Tuesday 5 March 2024
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Historic Nottinghamshire clocktower development delayed over flood concerns

Major plans to redevelop a historic Nottinghamshire landmark into a retirement village have hit a roadblock over concerns about flooding works.

Developer Jackson Design Associates first brought forward plans for the now-demolished Metal Box factory site, in Rock Valley, Mansfield in 2020.

The developer plans to keep the existing historic clock tower and build around it to create a 77-unit retirement complex for the over-55s.

Production at the Metal Box site ended in 2010, bringing to a close more than a century of industry.

It was originally a mustard mill before being used by Barringer, Wallis & Manners and later The Metal Box Company to create tins for brands including Quality Street.

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Most of the factory was demolished in 2011 apart from the iconic clock tower, which still remains in place as a reminder of the site’s historic importance.

Plans to give the 7.6-acre site a new lease of life include creating 44 apartments, four maisonettes and 29 bungalows across the quarry.

The River Maun runs through the land both as a natural river and within below-ground culvert pipes, with the developer planning to make the river an “integral feature” of the scheme.

However, Mansfield District Council has confirmed the plans have hit a stumbling block over concerns about how the river’s culverts could be used or changed.

The Environment Agency (EA) has raised concerns about the project, believing the site could provide “significant benefits” to alleviating wider flooding risks in the town centre.

Flood modelling has been used to study the site and shows it could be used to reduce risks in the town centre by modifying or removing the river pipes.

The EA said: “The two culverted sections of the watercourse cause a bottleneck to flows within the River Maun, which exacerbates flood risk to Mansfield.

“The removal of both culverts would reduce flood risk to Mansfield, including the town centre.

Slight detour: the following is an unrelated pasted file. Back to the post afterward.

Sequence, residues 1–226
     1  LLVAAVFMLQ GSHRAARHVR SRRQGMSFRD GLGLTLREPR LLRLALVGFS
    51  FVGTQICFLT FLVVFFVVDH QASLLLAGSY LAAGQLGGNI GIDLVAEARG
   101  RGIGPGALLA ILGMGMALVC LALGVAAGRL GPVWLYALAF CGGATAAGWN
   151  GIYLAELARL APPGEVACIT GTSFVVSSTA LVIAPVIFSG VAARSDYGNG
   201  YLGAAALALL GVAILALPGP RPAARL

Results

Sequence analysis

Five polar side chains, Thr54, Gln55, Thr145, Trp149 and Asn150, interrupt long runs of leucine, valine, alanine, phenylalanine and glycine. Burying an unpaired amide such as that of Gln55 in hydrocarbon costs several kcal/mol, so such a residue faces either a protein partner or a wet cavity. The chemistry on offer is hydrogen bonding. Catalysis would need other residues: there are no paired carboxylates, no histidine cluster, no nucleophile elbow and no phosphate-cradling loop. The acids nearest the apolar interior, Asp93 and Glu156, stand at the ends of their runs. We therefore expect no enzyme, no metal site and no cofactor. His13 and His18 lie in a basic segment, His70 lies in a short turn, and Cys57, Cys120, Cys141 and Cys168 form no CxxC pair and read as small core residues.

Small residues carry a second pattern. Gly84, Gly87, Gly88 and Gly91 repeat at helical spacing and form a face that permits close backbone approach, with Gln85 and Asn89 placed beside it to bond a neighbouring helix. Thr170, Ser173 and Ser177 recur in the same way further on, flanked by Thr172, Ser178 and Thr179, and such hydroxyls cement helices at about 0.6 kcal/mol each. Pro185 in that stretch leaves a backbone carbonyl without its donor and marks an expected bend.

“This would reduce development flood risk constraints upstream of Rock Valley and provides biodiversity enhancements to the area.”

The EA is currently supporting the authority to find potential funding for this work to start.

However, it says this “may not be as quick a turnaround as the developer may have hoped”.

The EA adds it is working with the developer and the authority to find “the best way forward for Rock Valley”.

It said: “We have suggested to MDC that this site should be looked at on a strategic level.

“While this does not necessarily prohibit the development of Rock Valley, it will likely mean the current proposals may need to be amended or phased accordingly in order to realise these benefits.”

A spokesperson for Mansfield District Council confirmed discussions are underway with the EA and the developer to find this resolution.

But the authority describes it as a “complex matter” with “no specific timescales” on when it may conclude.

The spokesperson added: “The council remains committed to discussions with the applicant and the Environment Agency about potential ways the site could be developed.”

When bringing forward the plans in 2020, Jackson Design Associates said: “The River Maun, which runs through the site both in open air and within below-ground culverts, is to be made into an integral feature of the design.

“It is hoped the development will provide a sustainable future for the retirement community at the heart of the town, whilst rejuvenating a landmark site with historical importance.”

The developer has been approached for a comment on the flooding concerns and the ongoing delay.

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